Trumbo's "Only Victims" speech, delivered in 1970, was clearly meant to be healing. Instead, it rekindled a controversy that smoldered for years, with other members of the Hollywood Ten bristling at his sweeping conviction and implied pardon of everyone involved. The social, psychological, legal, and moral ramifications of the Hollywood blacklist have haunted American popular memory for more than half a century. The blacklist has been the subject of numerous books, plays, documentaries, and feature films, the titles of which speak for themselves: Thirty Years of Treason, Scoundrel Time, Hollywood on Trial, Fear on Trial, Are You Now Or Have You Ever Been, Hollywood's Darkest Days, Naming Names, Tender Comrades, Fellow Traveler, and Guilty By Suspicion, to name a few.

In 1997, the New York Times reported that "The blacklist still torments Hollywood." On the 50th anniversary of the 1947 hearings, the Writers Guild of America, one of several Hollywood unions that failed to support members blacklisted in the 1950s, announced that it was restoring the credits on nearly 50 films written by blacklisted screenwriters. There was talk of "putting closure to all of this" and feeling "forgiveness in the air." At the same time, however, a debate raged in the arts and editorial pages of the nation's newspapers over whether the Los Angeles Film Critics Association and the American Film Institute were guilty of "blacklisting" director Elia Kazan. Kazan appeared before the Committee in 1952 and informed on eight friends who had been fellow members of the Communist Party. His On the Waterfront is widely seen as a defense of those who named names. As Peter Biskind remarks, the film "presents a situation in which informing on criminal associates is the only honorable course of action for a just man."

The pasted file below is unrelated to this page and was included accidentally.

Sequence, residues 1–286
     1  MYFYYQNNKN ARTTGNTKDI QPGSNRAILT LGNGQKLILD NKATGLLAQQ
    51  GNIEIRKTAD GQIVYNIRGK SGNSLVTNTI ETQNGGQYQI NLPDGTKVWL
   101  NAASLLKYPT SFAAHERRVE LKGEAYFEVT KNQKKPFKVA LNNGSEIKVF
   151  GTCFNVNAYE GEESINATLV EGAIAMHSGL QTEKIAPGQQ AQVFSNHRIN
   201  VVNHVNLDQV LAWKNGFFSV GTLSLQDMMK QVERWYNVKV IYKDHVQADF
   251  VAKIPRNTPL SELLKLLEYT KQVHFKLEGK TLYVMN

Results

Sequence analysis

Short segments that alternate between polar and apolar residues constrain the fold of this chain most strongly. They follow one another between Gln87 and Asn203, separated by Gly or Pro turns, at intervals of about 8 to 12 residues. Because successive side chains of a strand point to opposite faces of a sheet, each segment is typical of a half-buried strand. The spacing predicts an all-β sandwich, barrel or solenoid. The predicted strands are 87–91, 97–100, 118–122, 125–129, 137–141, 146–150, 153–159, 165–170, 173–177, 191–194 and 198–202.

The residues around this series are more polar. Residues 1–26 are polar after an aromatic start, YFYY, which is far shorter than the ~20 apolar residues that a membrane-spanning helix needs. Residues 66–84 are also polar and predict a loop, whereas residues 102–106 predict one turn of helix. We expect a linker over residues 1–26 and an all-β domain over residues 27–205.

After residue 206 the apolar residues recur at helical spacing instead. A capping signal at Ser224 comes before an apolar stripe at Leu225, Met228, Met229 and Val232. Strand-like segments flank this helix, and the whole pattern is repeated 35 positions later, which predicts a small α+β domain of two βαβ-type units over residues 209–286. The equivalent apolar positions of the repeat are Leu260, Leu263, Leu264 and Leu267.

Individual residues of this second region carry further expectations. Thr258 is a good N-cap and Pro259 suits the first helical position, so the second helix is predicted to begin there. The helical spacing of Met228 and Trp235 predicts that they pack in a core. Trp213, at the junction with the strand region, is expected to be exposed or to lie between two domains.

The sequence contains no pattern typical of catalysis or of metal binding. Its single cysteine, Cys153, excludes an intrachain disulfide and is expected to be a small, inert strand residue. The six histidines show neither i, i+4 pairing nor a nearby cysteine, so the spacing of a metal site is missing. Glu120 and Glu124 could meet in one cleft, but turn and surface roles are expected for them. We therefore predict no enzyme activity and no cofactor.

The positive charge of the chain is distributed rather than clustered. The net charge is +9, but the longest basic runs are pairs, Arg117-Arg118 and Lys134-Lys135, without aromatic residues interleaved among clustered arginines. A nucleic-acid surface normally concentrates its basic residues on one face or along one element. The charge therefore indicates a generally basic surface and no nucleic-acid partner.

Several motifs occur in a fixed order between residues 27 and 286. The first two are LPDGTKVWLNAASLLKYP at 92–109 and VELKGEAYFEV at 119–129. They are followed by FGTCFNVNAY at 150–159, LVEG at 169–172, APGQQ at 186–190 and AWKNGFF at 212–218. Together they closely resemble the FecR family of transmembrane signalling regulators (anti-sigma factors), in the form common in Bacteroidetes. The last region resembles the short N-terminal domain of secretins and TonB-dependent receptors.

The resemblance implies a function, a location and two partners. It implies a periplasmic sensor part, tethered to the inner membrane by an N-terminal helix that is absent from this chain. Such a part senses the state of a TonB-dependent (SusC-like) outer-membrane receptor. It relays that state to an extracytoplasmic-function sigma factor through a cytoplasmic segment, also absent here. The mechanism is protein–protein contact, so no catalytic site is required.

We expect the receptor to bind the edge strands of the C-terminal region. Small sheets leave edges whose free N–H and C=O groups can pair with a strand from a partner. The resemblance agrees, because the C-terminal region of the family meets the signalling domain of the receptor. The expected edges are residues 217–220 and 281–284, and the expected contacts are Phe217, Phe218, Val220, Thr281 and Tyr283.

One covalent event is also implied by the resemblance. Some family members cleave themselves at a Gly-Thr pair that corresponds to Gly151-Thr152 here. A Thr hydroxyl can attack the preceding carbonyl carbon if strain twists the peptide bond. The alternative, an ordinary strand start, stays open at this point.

Variety advocated a lifetime achievement award for Kazan, describing him as "an artist without honor in his own country, a celebrated filmmaker whose name cannot be mentioned for fear of knee-jerk reactions of scorn and disgust, a two-time Oscar winner not only politically incorrect but also politically unacceptable according to fashion and the dominant liberal-left Hollywood establishment." But as the New York Times pointed out, "Not only did [Kazan] name names, causing lasting damage to individual careers, but he lent his prestige and moral authority to what was essentially an immoral process, a brief but nevertheless damaging period of officially sponsored hysteria that exacted a huge toll on individual lives, on free speech, and on democracy." Kazan accepted his lifetime achievement award at the Academy Awards in 1999.

—Jeanne Hall

Further Reading:

Benson, Thomas. "Thinking through Film: Hollywood Remembers the Blacklist." In Rhetoric and Community: Studies in Unity and Fragmentation, edited by J. Michael Hogan. Columbia, University of South Carolina Press, 1998.

Bernstein, Walter. Inside Out: A Memoir of the Blacklist. New York, Alfred A. Knopf, 1996.

Biskind, Peter. "The Politics of Power in On The Waterfront." In American Media and Mass Culture: Left Perspectives, edited by Donald Lezere. Berkeley, University of California Press, 1985.

Ceplair, Larry, and Steven Englund. The Inquisition in Hollywood: Politics in the Film Community 1930-1960. Garden City, Anchor Press/Doubleday, 1980.

McGilligan, Patrick, and Paul Buhle. Tender Comrades: A Backstory of the Blacklist. New York, St. Martin's Press, 1997.

Navasky, Victor S. Naming Names. New York, Viking Press, 1980.